Jump to ContentJump to Main Navigation
Ecocritics and EcoskepticsA Humanist Reading of Recent French Ecofiction$
Users without a subscription are not able to see the full content.

Jonathan F. Krell

Print publication date: 2020

Print ISBN-13: 9781789622058

Published to University Press Scholarship Online: May 2021

DOI: 10.3828/liverpool/9781789622058.001.0001

Show Summary Details
Page of
date: 02 December 2021

Deep Ecology Gone Wrong: J.-C. Rufin’s Globalia and Le Parfum d’Adam

Deep Ecology Gone Wrong: J.-C. Rufin’s Globalia and Le Parfum d’Adam

Chapter:
(p.151) Chapter 6 Deep Ecology Gone Wrong: J.-C. Rufin’s Globalia and Le Parfum d’Adam
Source:
Ecocritics and Ecoskeptics
Author(s):

Jonathan F. Krell

Publisher:
Liverpool University Press
DOI:10.3828/liverpool/9781789622058.003.0007

In Globalia and Le Parfum d’Adam J.-C. Rufin explores what could go wrong with the environmentalist movement, if it were co-opted by unwise or greedy leaders. Globalia is the sole country in a dystopian world governed according to the principles of deep ecology: vegetarianism, strict protection of forests and animals, and zero population growth. It is a sterile, climate-controlled world, covered by domes. “Non-zones” outside the domes are homes to mobsters, warring tribes, and resistants. They constitute a feared outside enemy which serves to unite most Globalians in support of their totalitarian government. This novel echoes Alexis de Tocqueville’s fear that a “tyranny of the majority” might someday rule the United States. Le Parfum d’Adam is a thriller about ecoterrorists who, obsessed by the deep ecology principle that world population must decrease, plot to contaminate the water system of a huge favela of Rio de Janeiro. They believe that poor people—too busy surviving to think about ecology—are destroying the planet.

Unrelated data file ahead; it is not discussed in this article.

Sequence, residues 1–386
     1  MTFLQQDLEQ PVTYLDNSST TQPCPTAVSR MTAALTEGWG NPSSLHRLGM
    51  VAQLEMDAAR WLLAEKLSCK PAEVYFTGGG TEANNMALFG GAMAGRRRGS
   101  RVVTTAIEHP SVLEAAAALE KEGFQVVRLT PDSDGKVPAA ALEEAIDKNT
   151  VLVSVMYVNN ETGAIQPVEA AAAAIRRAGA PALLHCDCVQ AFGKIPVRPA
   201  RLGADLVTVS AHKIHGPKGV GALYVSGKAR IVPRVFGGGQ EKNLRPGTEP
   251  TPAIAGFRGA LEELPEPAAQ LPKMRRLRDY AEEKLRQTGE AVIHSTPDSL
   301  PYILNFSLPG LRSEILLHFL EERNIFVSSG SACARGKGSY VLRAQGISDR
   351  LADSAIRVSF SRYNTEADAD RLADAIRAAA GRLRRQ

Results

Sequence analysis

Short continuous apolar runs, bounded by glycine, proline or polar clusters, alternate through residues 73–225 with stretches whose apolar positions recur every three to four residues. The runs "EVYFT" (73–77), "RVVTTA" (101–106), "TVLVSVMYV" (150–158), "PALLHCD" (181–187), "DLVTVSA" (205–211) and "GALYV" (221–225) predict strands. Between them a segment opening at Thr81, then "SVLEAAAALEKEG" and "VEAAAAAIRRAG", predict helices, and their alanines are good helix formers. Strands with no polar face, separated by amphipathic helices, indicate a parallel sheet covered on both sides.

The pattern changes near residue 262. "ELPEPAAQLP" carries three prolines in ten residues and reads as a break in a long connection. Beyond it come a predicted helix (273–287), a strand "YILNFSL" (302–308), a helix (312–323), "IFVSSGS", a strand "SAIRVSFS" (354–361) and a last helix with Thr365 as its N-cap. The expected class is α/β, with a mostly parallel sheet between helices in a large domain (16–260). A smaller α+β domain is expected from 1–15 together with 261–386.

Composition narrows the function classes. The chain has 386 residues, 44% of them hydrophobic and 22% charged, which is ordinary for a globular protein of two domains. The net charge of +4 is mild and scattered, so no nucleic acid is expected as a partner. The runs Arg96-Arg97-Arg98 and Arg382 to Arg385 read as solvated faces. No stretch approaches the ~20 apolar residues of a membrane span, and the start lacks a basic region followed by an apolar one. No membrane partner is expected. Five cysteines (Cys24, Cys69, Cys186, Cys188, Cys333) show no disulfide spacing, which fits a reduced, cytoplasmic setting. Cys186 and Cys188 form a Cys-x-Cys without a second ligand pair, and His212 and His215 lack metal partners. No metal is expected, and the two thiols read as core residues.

Keywords:   Jean-Christophe Rufin, Globalia, Le Parfum d’Adam, La Dictature libérale, rust, material ecocriticism, Catherine Larrère, Alexis de Tocqueville, ecoterrorism, deep ecology

University Press Scholarship Online requires a subscription or purchase to access the full text of books within the service. Public users can however freely search the site and view the abstracts and keywords for each book and chapter.

Please, subscribe or login to access full text content.

If you think you should have access to this title, please contact your librarian.

To troubleshoot, please check our FAQs, and if you can't find the answer there, please contact us .